didn’t mean a thing just as I knew in my heart that it would be only a question of time-a few days, a week, or even a month, it was inevitable-till I would be off on another bender. The time came just a week later. And as I look back on the events of two months, I can clearly see that I had been circling around, half-afraid of encountering the remedy for my situation, half-wanting it, deferring fulfillment of my promise to get in touch with the doctor I had heard about. An accident while drunk laid me low for about three weeks. As soon as I could get up and walk I started to drink again and kept it up until my friend of the hospital, who, in his first try at the new way of life had stubbed his toe in Chicago but had come back to the town to take counsel and make a new start, picked me up and got me into a hospital.
I had been drinking heavily from one state of semi-coma to another and it was several days before I got “defogged” but subconsciously I was in earnest about wanting to quit liquor forever. It was no momentary emotionalism born of self-pity in a maudlin condition. I was seeking something and I was ready to learn. I did not need to be told that my efforts were and would be unavailing if I did not get help. The doctor who came to see me almost at once did not assail me with any new doctrines; he made sure that I had a need and that I wanted to have that need filled and little by little I learned how my need could be met. The story of Alcoholics Anonymous fascinated me. Singly and in groups of two or three, they came to visit me. Some of them I had known for years, good two-fisted drinkers
who had disappeared from their former haunts. I had missed them myself from the barrooms of the town.
There were business men, professional men, and factory workers. All sorts were represented and their relation of experiences and how they had found the only remedy, added to their human existence as sober men, laid the foundation of a very necessary faith. Indeed, I was beginning to see that I would require implicit faith, like a small child, if I was going to get anywhere or so it appeared as I lay in that hospital. The big thing was that these men were all sober and evidently had something I didn’t have. Whatever it was, I wanted it.
I left the hospital on a meeting night. I was greeted warmly, honestly, and with a true ring of sincerity by everyone present. That night I was taken home by a former alcoholic and his wife. They did not show me to my room and wish me a good night’s rest. Instead, over coffee cups, this man and his wife told me what had been done for them. They were earnest and obviously trying to help me on the road I had chosen. They will never know how much their talk with me has helped. The hospitality of their home and their fine fellowship were mine freely.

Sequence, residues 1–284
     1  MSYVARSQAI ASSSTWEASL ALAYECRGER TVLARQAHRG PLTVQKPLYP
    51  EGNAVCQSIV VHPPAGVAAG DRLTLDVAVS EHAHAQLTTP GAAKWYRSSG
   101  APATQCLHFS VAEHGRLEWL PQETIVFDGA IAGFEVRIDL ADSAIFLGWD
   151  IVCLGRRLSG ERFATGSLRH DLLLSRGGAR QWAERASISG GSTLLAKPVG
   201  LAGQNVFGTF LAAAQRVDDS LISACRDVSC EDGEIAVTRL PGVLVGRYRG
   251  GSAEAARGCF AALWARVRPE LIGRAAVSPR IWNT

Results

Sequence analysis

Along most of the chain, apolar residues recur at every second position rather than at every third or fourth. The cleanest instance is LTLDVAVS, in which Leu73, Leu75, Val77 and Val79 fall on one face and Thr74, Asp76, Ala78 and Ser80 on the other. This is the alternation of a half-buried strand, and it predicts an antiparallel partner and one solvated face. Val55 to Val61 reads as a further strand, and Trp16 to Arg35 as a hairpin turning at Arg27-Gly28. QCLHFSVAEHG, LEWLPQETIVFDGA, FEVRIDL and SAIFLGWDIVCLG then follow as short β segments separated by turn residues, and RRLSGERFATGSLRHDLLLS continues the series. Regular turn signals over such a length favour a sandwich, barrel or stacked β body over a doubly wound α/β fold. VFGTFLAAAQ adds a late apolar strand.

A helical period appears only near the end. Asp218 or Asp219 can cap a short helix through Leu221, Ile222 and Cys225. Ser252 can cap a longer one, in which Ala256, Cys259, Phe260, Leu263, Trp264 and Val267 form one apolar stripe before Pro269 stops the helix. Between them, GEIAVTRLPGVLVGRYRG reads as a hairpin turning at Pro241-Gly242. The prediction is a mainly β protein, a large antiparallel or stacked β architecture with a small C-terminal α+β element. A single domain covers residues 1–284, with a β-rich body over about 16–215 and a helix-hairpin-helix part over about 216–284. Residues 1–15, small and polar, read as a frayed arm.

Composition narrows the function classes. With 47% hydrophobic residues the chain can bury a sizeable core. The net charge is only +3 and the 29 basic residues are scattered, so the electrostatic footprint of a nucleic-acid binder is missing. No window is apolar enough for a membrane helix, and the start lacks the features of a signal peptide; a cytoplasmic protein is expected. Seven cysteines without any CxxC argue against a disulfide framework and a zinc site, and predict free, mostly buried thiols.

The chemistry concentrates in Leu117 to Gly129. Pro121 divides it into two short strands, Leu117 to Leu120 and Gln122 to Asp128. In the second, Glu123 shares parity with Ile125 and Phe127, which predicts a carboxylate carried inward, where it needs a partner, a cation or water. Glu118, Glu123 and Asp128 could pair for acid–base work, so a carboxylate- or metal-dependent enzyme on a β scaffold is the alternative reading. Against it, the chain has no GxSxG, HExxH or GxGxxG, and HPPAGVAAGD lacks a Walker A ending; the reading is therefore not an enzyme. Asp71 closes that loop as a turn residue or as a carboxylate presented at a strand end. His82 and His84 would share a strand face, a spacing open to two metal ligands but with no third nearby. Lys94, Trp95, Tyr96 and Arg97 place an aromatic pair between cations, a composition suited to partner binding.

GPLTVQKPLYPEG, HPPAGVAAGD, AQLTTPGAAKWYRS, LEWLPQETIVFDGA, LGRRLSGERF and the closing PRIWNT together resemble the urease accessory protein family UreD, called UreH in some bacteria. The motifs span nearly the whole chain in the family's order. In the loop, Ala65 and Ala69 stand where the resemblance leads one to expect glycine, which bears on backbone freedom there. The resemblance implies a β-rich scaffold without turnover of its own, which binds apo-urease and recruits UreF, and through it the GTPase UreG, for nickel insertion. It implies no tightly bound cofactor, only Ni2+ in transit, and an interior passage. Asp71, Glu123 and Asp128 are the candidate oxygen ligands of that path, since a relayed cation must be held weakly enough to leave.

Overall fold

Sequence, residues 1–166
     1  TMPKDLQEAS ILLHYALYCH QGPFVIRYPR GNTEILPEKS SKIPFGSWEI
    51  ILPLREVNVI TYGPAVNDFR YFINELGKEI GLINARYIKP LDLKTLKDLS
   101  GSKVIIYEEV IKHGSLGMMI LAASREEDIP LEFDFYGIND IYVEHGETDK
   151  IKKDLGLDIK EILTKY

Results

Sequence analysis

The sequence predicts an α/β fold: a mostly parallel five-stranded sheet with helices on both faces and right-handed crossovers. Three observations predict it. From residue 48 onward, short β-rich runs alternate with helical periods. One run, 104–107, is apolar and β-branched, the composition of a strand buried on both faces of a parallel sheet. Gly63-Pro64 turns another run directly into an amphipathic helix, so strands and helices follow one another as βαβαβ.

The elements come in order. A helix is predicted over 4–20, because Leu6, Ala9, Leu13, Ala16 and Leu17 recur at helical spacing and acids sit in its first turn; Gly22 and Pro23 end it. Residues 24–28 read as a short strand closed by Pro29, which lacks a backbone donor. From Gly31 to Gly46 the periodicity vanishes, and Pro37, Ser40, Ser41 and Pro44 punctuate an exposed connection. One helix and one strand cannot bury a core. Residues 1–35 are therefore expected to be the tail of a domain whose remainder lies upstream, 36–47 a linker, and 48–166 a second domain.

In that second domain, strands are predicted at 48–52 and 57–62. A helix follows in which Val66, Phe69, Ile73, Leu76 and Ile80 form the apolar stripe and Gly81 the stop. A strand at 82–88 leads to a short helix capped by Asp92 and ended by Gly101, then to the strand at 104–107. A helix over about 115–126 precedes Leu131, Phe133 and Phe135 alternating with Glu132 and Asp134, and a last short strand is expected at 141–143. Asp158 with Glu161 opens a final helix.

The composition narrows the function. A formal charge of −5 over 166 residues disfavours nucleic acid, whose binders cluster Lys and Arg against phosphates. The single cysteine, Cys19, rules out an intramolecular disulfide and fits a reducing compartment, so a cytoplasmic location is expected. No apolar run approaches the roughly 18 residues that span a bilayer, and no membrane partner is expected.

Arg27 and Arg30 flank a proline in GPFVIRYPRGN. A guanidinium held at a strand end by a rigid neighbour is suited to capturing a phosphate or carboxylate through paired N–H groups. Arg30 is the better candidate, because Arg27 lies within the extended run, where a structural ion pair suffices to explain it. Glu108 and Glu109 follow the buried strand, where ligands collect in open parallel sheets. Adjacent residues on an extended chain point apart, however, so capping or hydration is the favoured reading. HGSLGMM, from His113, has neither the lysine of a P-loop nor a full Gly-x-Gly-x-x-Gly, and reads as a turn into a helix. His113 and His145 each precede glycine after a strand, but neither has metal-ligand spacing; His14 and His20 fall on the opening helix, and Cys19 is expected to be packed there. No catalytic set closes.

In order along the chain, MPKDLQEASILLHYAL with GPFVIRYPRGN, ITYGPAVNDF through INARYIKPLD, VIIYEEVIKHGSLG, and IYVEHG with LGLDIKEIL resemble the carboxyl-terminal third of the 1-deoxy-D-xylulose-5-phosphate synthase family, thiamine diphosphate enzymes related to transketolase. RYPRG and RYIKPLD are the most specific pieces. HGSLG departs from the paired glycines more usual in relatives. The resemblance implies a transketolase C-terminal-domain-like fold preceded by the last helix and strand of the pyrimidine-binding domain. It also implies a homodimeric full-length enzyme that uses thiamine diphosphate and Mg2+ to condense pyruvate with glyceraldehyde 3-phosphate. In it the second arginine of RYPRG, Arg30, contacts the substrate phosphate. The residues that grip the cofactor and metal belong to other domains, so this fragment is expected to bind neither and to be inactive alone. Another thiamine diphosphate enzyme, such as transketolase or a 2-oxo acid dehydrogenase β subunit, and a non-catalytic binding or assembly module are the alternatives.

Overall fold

I had never, since the believing days of childhood, been able to conceive an authority directing the universe. But I had never been a flippant, wise-cracking sneerer at the few persons I had met who had impressed me as Christian men and women, or at any institutions whose sincerity of purpose I could see. No conviction was necessary to establish my status as a miserable failure at managing my own life. I began to read the Bible
daily and to go over a simple devotional exercise as a way to begin each day. Gradually I began to understand.
I cannot say that my taste for liquor has entirely disappeared. It has been that way with some, but it has not been with me and may never be. Neither can I honestly say that I have forgotten the “fleshpots of Egypt.” I haven’t. But I can remember the urge of the Prodigal Son to return to his Father that he might taste of the husks that the swine did eat.
Formerly in the acute mental and physical pain during the remorseful periods succeeding each drunk, I found my recollection of the misery I had gone through a bolsterer of resolution and afterward, perhaps, a deterrent for a time. But in those days I had no one to whom I might take my troubles. Today I have. Today I have Someone who will always hear me; I have a warm fellowship among men who understand my problems; I have tasks to do and am glad to do them, to see others who are alcoholics and to help them in any way I can to become sober men. I took my last drink in 1937.